How to fight it? It won't do any good to copy it (something a lot of Democrats say they wich the party would do). I think the Democrats should agressively challenge this entire approach to politics. Try to forge alliances with factions of the Republican constituency that Rove has allienated by "lashing them to his side and forcing them to vote for him." I'm thinking here of secular, fiscal conservatives. The Rove formula is a three legged stool (theocrats, nationalists, small government types) in which only two of the legs get any respect (theocrats and nationalists).

That gives the Democrats an opening to detach the small government crowd from the rest. "It's the economy stupid!"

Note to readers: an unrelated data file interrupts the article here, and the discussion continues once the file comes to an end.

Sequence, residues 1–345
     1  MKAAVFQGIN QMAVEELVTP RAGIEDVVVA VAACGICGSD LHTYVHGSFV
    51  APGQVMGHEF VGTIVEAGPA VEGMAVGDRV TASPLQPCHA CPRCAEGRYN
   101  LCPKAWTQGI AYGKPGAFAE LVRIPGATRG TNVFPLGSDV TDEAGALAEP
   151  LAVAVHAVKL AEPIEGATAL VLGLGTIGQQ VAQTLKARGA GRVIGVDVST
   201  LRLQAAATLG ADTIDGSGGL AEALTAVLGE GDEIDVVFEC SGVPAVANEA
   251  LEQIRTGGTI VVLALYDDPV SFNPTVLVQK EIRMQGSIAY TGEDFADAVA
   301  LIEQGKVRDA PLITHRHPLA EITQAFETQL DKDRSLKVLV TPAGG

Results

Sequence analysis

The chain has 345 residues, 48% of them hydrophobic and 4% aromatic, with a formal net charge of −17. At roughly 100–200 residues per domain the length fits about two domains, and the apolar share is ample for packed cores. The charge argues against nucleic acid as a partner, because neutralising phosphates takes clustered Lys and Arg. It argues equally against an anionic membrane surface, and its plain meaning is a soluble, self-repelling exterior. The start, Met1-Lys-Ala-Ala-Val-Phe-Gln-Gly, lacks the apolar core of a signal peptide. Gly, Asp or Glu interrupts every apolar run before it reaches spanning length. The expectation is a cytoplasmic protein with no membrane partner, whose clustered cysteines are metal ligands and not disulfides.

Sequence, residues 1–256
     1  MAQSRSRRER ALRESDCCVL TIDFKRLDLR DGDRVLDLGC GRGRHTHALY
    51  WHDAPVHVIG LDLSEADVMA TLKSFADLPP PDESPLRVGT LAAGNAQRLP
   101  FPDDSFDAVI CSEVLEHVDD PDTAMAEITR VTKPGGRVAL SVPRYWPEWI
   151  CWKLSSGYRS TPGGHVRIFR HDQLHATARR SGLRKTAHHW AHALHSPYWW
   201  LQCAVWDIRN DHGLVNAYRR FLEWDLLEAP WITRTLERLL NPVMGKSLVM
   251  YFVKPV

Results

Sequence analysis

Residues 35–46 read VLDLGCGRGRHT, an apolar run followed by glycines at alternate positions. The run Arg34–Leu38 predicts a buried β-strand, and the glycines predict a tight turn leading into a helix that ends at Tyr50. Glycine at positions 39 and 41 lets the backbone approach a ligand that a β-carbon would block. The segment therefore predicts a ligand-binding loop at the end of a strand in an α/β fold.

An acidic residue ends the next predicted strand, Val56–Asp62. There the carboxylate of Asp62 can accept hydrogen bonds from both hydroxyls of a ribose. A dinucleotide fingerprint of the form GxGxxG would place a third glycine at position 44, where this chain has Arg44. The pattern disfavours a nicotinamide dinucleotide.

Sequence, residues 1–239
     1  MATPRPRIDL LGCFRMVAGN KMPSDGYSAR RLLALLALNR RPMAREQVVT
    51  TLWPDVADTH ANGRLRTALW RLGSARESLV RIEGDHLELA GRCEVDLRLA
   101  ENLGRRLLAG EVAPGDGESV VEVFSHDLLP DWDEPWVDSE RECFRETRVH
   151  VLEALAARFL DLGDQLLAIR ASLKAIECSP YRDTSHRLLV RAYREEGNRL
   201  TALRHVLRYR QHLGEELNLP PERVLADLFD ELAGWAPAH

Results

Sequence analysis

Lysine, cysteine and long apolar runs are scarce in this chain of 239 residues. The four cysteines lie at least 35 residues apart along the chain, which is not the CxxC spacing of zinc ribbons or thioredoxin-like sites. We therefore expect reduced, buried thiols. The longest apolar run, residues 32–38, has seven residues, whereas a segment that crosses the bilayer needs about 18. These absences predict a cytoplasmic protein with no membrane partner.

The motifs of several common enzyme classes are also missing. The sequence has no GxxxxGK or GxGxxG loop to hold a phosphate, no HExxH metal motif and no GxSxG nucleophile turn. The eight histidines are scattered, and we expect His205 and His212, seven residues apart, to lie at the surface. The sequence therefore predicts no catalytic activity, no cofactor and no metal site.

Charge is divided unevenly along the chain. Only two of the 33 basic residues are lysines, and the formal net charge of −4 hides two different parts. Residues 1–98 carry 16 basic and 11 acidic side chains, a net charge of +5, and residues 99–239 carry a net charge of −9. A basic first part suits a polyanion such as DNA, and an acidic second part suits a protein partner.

// posted by Raised By Republicans

Anonymous said...

I think RBR is right, but I also think that the strategy he proposes goes on behind the scenes. But I think in terms of winning certain battles in the public mind, democrats have to be more aggressive and more assertive about their vaules- fairness,opportunity for all,a more equal playing field, community building and family supporting,etc. As I said in an e-mail to RBR last night, I think we have to do a better job at winning the media battle. We have to put more attractive, more assertive debaters on these media outlets. And we have to be less afraid of playing dirty with the reasonable conservatives across the aisle. Eventually, Congress will get tired of being bulllied.

I think that this is why Howard Dean appeals to people because he has this assertiveness . . .so long as he can do it without putting his foot in his mouth. SO I think Democrats have to use multiple strategies. 

// posted by USWest

Dr. Strangelove said...

RbR is right about Rove. In fact, no doubt the politics of the dark side (hey, I should have used *that* as the post title!) has been around for centuries. I just liked the image of Karl Rove eating a greasy bucket of KFC.